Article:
But consider something (is it a ‘thing’? is in ‘in the Universe’?) like ‘the English language’. This fuzzy abstraction subsists in the brains of speakers of the language, and only there. All the printed and recorded samples of English are mere data, becoming information as speakers of the language interact with them. And all of human culture is like this. Even our physical world, which today consists to a large extent of human artifacts, is causally linked with the brains of the human beings who brought those artifacts into existence.

The confusion between data and information comes into play here too. The author writes, ‘The environment shoots many megabytes of sensory data into the brain every second, enough information to disable many computers. The brain has no firewall against this onslaught.’ But the brain deals with information, or we might better say meaning, not data. We have come to think of our sensorium, especially its visual and auditory components, in terms of data because of our awareness of how our devices deal with it, but as soon as it gets past our retinas or our cochlear hairs it starts to become meaning. What we have is better than a firewall.

Yes, there is no ‘bright line’ separating brains from bodies, and nonhuman cognition from human cognition, but the dim perception that our world is deeply entwined with processes occurring in human brains is fundamentally accurate.

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Turing tests

As a pendant to the last post, let me suggest that a true AI should be able, with no prior domain-specific knowledge, to (1) learn the rules of sudoku from a verbal description, and go on to (2) learn and apply the solving strategies I describe, including especially the form of reasoning that exploits the solvability guarantee.

As far as I know, we are very very far from such a ‘true AI’.

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Solving sudoku puzzles

Here is how I approach sudoku, almost all of it learned ‘on the job’.

[Ideally, I would include in this post nice pictures of the grid, or pieces of it, but I’m not prepared to invest that much effort in html hacking/research. So we will have to settle for verbal descriptions.]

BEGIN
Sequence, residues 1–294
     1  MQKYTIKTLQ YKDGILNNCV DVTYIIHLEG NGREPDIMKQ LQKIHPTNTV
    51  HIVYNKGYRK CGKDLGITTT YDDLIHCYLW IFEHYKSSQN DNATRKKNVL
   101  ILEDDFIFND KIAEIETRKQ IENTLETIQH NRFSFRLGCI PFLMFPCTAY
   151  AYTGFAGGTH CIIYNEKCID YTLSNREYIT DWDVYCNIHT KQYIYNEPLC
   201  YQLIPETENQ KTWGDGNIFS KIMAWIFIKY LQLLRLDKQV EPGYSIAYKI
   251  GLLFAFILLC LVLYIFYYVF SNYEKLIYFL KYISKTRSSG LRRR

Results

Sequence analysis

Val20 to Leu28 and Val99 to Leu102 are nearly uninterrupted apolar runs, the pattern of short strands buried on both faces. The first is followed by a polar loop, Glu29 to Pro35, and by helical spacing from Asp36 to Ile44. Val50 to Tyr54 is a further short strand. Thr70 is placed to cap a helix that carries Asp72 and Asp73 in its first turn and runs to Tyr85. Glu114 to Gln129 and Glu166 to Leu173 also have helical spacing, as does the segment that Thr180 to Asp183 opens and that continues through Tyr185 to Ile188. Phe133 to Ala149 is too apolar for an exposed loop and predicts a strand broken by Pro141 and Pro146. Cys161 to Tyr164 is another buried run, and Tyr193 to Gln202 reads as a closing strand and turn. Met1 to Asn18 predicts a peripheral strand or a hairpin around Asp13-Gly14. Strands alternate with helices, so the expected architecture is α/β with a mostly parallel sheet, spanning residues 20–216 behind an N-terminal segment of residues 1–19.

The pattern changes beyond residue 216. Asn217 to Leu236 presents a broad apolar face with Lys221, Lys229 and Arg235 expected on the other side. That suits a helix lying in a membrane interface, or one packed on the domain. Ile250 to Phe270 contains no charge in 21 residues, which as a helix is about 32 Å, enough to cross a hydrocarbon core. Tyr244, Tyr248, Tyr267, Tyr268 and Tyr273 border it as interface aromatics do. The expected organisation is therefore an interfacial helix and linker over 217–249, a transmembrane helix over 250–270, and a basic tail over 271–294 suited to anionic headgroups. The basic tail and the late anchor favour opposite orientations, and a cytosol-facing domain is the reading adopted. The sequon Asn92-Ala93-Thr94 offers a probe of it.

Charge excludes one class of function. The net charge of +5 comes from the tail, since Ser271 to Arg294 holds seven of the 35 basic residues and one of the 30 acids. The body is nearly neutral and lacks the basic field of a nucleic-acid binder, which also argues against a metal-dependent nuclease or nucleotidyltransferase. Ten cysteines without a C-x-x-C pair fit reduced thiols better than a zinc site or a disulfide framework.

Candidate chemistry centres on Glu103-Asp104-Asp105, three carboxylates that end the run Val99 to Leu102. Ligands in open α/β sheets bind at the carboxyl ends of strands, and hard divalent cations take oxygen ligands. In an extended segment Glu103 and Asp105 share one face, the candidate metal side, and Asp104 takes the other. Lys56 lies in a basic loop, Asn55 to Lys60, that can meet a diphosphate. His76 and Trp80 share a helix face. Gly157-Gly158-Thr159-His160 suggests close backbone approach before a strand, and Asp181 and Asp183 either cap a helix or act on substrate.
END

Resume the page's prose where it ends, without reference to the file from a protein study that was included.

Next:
I have my own notion of how to label the 81 squares: the obvious a1–i9 scheme borrowed from chess doesn’t appeal to me because the digits 1–9 are already needed to represent the items being placed. Instead I name the columns A–I, left to right, and the rows R–Z, top to bottom. So squares have names like CS, HX, and so on.

As I mentioned before, I transcribe newspaper or online puzzles onto my own grids (on decent paper that can take fountain pen ink without bleeding), about 7cm square.

The notations I make (aside from filling in digits whose position can be determined) are almost always assertions of the form ‘digit k must be placed in one of the squares of set Σ’. For example, if I can determine that there must be a 7 in one of the two squares {AR, AS}, I write a small ‘7’ on the horizontal line that separates those squares. This same fact can be written in a linearized form, for discussion purposes, as 7AR|7AS, or more compactly as 7ARS (‘distributing’ the ‘A’ over the ‘R’ and the ‘S’ in the obvious way).

I have conventions for notating facts involving more widely separated squares; the details are unimportant. I see what I can accomplish by considering pairs of squares, and then work up to triples and so on as needed. Note, though, that I very seldom resort to exhaustive listings of the digits a single square might contain: assertions like 7AR|9AR.

Using these methods, the most difficult placements to see are those where, for a given square, all digits but one have been ruled out; but it usually suffices to glance occasionally at the rows or columns that have only a few squares not labeled in any way, note the digits that are prima facie candidates for those squares, and see what eliminations can be made in the light of the other sudoku constraints.

Early on in teaching myself sudoku I worked out the important type of reasoning whereby (to use the linearized version of my notation) the facts 3EFX and 7EFX combine to form the much more useful fact (37)(EFX). I refer to this as a ‘locked pair’, although I don’t think this is the standard nomenclature. There are two digits to be placed in two squares, and they ‘lock out’ other digits that might otherwise have been placeable in those squares. So if the facts 3EFX and 8EXY are already known, discovering the fact 7EFX locks the squares EX and FX, and we can place the digit 8 in square EY.

These methods suffice for the vast majority of puzzles. I’ve read about the technique known as ‘X-Wing’, which involves squares that themselves form a rectangle, such as AR, FR, AV, FV. If we determine the ‘horizontal’ facts 3AFR and 3AFV, we can also conclude the ‘vertical’ facts 3ARV and 3FRV. But I almost never find myself using this kind of reasoning.